Last year was a very good year for those of us in Illinois who believe that reasonable gun regulation must be an integral part of any solution to the epidemic of gun violence that has plagued us both nationally and locally over the last two decades. In 2018, Illinois was finally able to enact two important pieces of gun legislation that have the potential to significantly reduce gun violence in a number of different ways.
The first was the Gun Dealers Certification Act. Its primary purpose is to prevent guns from being sold to persons who are not legally authorized to own them. The second law is the Firearms Restraining Order (FRO) Act. Its primary purpose is to provide family and household members of a person they reasonably believe to be a danger to themselves or to others with an effective way to petition the courts to order the removal of guns from the possession of such a person until it is determined that the danger has passed.
There are at least two good reasons why these laws were finally able to be enacted into law last year, when this was not possible in the past. First, gun violence tragedies continue to occur on a daily basis throughout our nation and on the South and West sides of Chicago. As the death toll rises, so does the pressure to do something about it. The question for me has never been, “Will meaningful action to address gun violence ever take place?” It has always seemed inevitable to me. The question has always been, “When will it occur and at what cost?”
The enactment of these laws show that, at least on the state level, and I think nationally as well, we appear to be reaching critical mass on the issue of gun violence. Society seems to be quickly approaching the point where it has had enough.
The second reason for this major legislative breakthrough in 2018 has been the incredible and unremitting effort of people of good will from every spectrum and at every level of civic involvement, year after year, to push this stone up a steep hill without ever faltering. Courageous and principled state legislators, like our own state Senator Don Harmon, and state Representative Kathleen Willis of the 77th District, assumed leadership roles on both 2018 legislative successes. Sen. Harmon has been carrying the water for reasonable gun control for over a decade and Rep. Willis has been doing the same since being elected several years ago.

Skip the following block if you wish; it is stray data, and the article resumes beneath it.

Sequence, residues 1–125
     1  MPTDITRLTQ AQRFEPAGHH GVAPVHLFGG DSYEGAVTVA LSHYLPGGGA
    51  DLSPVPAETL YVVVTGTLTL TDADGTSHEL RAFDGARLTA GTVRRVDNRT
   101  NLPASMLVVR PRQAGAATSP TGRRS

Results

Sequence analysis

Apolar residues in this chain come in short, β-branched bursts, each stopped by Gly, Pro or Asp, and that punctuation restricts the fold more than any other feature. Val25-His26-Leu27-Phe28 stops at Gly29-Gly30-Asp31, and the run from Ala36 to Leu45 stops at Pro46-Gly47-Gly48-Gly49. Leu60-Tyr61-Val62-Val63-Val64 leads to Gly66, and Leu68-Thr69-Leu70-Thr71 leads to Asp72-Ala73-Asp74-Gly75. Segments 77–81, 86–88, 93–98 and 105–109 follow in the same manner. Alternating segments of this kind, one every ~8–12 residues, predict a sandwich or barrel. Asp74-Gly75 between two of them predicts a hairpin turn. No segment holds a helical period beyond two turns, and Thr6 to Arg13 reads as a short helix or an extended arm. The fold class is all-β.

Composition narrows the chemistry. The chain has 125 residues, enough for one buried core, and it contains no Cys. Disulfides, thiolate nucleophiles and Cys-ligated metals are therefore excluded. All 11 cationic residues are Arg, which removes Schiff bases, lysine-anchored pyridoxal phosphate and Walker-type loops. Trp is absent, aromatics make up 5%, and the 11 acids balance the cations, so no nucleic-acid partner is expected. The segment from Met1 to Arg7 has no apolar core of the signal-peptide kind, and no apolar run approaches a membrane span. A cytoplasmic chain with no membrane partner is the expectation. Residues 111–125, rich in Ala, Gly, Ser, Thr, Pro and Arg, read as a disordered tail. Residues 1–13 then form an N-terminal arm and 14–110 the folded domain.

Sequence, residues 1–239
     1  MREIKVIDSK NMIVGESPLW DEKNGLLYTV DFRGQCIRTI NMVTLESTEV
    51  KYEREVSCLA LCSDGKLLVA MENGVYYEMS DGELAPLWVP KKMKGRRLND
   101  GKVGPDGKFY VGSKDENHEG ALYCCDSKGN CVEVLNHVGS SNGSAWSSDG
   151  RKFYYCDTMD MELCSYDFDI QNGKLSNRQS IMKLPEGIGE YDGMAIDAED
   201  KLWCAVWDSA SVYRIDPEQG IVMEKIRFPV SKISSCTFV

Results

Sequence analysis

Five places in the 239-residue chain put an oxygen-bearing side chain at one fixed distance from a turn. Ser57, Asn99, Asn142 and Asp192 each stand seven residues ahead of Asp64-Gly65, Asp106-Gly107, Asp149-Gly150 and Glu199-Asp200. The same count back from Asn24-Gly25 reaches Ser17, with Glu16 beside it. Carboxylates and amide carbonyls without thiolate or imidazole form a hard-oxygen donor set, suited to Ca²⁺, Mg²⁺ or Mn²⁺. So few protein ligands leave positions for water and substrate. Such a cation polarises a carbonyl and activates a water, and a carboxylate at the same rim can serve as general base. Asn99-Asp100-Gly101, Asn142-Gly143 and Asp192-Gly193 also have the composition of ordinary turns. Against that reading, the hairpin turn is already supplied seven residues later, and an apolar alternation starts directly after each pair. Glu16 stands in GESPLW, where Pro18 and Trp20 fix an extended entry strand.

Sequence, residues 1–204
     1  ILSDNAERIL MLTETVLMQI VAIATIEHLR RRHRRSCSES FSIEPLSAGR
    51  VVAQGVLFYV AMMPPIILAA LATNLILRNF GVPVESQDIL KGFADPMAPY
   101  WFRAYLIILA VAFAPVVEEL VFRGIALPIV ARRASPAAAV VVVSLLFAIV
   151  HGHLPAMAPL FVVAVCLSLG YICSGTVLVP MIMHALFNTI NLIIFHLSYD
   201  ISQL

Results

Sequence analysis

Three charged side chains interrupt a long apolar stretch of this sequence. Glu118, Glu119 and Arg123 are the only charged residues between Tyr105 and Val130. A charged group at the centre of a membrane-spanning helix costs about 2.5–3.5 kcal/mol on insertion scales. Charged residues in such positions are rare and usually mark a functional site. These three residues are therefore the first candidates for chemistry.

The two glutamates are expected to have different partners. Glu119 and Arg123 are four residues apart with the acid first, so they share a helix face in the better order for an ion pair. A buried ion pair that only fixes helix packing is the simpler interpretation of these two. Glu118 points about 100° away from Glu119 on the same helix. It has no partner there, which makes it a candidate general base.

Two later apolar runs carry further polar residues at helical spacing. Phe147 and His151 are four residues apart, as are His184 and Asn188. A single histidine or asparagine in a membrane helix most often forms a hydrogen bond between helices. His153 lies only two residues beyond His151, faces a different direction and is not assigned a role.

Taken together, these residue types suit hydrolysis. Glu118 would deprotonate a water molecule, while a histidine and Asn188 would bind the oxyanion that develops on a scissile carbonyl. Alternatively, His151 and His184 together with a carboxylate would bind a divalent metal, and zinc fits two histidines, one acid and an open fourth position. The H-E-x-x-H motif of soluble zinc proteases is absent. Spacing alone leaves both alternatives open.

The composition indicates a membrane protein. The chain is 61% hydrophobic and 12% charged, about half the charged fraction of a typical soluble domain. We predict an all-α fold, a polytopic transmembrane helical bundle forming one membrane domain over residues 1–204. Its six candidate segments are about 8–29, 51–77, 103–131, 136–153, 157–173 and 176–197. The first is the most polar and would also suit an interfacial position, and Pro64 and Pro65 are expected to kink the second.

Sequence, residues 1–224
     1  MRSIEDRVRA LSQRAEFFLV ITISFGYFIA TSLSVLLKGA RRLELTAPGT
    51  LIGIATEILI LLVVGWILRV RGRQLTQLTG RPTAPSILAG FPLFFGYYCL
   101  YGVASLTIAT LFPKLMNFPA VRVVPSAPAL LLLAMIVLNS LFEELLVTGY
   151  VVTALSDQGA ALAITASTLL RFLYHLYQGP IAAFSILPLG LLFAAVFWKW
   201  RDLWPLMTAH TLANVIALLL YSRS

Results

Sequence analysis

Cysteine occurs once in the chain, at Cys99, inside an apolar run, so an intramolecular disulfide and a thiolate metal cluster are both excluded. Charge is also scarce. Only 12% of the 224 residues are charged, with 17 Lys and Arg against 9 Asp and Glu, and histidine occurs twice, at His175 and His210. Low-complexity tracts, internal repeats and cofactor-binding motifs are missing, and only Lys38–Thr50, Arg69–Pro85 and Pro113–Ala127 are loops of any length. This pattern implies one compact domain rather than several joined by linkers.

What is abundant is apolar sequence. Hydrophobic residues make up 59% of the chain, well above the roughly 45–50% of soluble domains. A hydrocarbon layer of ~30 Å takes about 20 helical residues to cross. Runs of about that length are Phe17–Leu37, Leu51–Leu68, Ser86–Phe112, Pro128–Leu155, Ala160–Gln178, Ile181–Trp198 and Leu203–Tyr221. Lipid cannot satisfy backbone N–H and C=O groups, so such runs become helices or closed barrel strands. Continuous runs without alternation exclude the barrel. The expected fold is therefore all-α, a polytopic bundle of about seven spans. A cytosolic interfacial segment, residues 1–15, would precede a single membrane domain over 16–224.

These successes also would not have taken place without the thousands of dedicated volunteers and hundreds of citizen advocacy groups that have come together in recent years under the leadership of the Illinois Council Against Handgun Violence (ICHV), to form a powerful and effective citizen advocacy coalition known as the Illinois Gun Violence Prevention Coalition (ILGVP). I would like to think that the mantra adopted by our local citizen advocacy group, the Gun Responsibility Advocates (GRA), more than six years ago, “With rights come responsibilities,” is gaining traction with more and more people with each passing year.
Before we pat ourselves on the back, however, we need to be clear about the fact that much of the hard work to make these laws as effective as they can be still lies in front of us. No one knows this better than the people I have mentioned above. The type of hard work that remains before us is, however, very different.
The Gun Dealer Certification Act requires that much of the work necessary to make this law truly effective will be focused on the administrative rule-making process which is ongoing.
The work now required to make the Firearms Restraining Order Act truly effective, on the other hand, focuses on educating the public about the new law. The FRO Act, as mentioned, provides citizens with a way to take action when they reasonably believe a family or household member who possesses a gun may pose a danger to him or herself or to others. Family or household members (or law enforcement) now will be able to petition the court to have guns and active FOID cards temporarily removed from the family or household member in question until such time as the danger has passed. As with all such laws, the FRO law is only as effective as the public’s awareness of what FRO is and how it works. The bulk of the work, therefore, involves information dissemination and training the public.
Toward that end, the ICHV, one of the oldest and most respected pro-gun-regulation advocacy groups in Illinois, has been tasked with putting on FRO training sessions throughout the state. One session has been scheduled at the Oak Park Main Library, 834 Lake St., Oak Park, next Wednesday, Oct. 9 from 7 to 8 p.m. The discussion will be led by two of the most knowledgeable individuals in the state of Illinois on the inner workings of the FRO Act, Peter Contos of ICHV, the lead person for ICHV’s Speak for Safety education campaign, and Mark Jones, former police officer and ATF Special Agent, who is the person heading up the ICHV campaign to educate all law enforcement officers in the state about the new law. Officers from the Oak Park Police Department will also participate in the training session.
Moms Demand Action of Oak Park and Austin is sponsoring the training session, and GRA endorses the program and will be present for it along with members of the League of Women Voters. The primary purpose is to educate the general public about the new law. This training session is free and open to everyone. If you are interested in understanding the benefits of the new law or if you have a family or household member who is a gun owner and you believe they could present a danger to themselves or to others, you should consider attending this FRO training session on Oct. 9. It will be worth your while.
Ray Heise, retired Oak Park village attorney, is a member of Gun Responsibility Advocates.